New resource on heraldry symbolism opens
- Published: Sep 30, 2021, 10 AM
The Frick Collection has a new online resource for those who are curious about the symbolism of heraldry, illustrated with medals from the Stephen K. and Janie Woo Scher collection of medals.
It is available at www.frick.org/scher_home.
An introduction by Stephen Scher explains, “Heraldry, the system by which coats of arms are designed and used, is a product of the Middle Ages, first appearing during the reign of Charlemagne (768–814 AD)”, adding that it was based on visual clues to help armor-wearing warriors identify one another quickly and accurately on the battlefield.
A glossary provides a full list of heraldic terms and literature on the complex field of heraldry can be found in an extensive bibliography.
The online supplement to recently published book, The Scher Collection of Commemorative Medals, lists those heraldic achievements, or coats of arms, that are found on the medals in the publication, and the numbers by which they are organized correspond to the catalog numbers.
A coat of arms is typically accompanied by a blazon, though Scher acknowledges, “To the uninitiated, the blazons in this supplement may appear somewhat opaque. A blazon describes a coat of arms in a precisely established order and in a language that, in English, derives from Old French. An equivalent vocabulary exists in all other languages in which heraldry is practiced.” These blazons help one visualize a coat of arms and allows a heraldic artist to depict the arms completely and accurately.
Although coats of arms bring to mind those with noble births and inherited titles, Scher explains, “Originally, titles and heraldic achievements were granted to worthy subjects by their lord, but eventually arms could be borne not only by individuals and families but by institutions, corporations, and clergy, as well as towns and cities.” Among the elements that can be found in a complete heraldic achievement and its blazon are: shield, partition, tinctures, ordinaries, subordinaries, charges, crest, helm, torse, mantle, crown, supporters, compartment, insignia, and motto. The colors and patterns used in blazons are referred to as tinctures.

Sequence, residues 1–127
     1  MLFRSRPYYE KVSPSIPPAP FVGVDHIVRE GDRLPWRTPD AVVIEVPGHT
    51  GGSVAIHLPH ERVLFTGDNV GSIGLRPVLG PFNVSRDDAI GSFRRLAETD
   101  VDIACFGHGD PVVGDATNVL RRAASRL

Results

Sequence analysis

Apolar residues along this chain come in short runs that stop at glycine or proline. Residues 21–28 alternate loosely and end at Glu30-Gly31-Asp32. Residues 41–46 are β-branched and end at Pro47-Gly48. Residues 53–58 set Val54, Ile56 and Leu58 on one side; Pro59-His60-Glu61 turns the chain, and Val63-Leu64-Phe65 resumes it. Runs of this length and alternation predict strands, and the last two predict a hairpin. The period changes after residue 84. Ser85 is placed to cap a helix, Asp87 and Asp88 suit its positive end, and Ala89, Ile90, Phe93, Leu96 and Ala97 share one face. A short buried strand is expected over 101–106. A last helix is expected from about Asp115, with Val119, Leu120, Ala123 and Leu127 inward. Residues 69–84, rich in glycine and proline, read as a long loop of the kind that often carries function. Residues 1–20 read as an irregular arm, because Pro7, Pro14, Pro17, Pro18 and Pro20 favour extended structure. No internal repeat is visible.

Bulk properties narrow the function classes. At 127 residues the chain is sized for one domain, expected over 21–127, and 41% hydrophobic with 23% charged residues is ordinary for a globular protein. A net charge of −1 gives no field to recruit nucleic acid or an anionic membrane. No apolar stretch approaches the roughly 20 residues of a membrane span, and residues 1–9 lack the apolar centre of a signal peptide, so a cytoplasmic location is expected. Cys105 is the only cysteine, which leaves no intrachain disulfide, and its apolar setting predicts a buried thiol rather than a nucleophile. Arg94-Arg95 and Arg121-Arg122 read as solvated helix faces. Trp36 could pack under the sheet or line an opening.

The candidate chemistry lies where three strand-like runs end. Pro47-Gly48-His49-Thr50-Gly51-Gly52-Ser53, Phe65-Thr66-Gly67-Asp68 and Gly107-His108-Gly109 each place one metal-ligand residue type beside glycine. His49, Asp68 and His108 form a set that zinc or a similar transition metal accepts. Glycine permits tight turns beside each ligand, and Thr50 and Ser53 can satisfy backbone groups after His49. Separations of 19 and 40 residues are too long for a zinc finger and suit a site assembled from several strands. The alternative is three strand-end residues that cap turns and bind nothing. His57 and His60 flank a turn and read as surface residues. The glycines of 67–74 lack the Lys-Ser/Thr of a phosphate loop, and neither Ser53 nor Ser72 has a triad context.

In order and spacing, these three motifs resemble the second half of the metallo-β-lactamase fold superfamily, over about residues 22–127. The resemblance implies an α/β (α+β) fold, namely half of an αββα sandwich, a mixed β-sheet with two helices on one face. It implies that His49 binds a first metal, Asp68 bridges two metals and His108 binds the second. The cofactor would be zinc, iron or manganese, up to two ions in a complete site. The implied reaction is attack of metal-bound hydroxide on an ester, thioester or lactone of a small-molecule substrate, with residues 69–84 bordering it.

Heraldry in action
An example of a classic Italian Renaissance medal is a bronze work of Amadio Amadei, called Amadio da Milano, depicting Niccolo III D’Este from around 1441 that has complex reverse design described as “Quarterly 1 & 4 Azure, three fleurs-de-lis Or a bordure indented gules and Or (Ferrara); 2 & 3 Azure, an eagle displayed argent armed and langued Or (d’Este).”
A look at the glossary helps decipher this: “Azure” is the heraldic term for the color blue, “gules” is the heraldic color red and “argent” is the heraldic color silver. “Quarterly” refers to it divided in different sections combined together to denote descent and/or rule, and a fleur-de-lis is the cadency mark of a sixth son. “Langued” describes the tongue of an animal or bird when it is of a different tincture from the rest of a beast or bird, or from that usually employed. “Armed” describes claws, horns and talons and “or” is the heraldic color gold.
A more complex reading is seen on a small silver cast medal depicting Princess Hedwig of Denmark (1581 to 1641, Electress of Saxony 1602 to 1611), which includes symbols both recognizable, and obscure.
Those looking to test their ability to identify symbols of heraldry could find it on a silver gilt medal by Juriaen Pool I celebrating the inauguration of the New Town Hall, Amsterdam, dated 1659 that includes two lions holding three coats of arms each. The arms around the rim are those of the 36 Amsterdam city councillors as of 1659, each with distinct symbolism.
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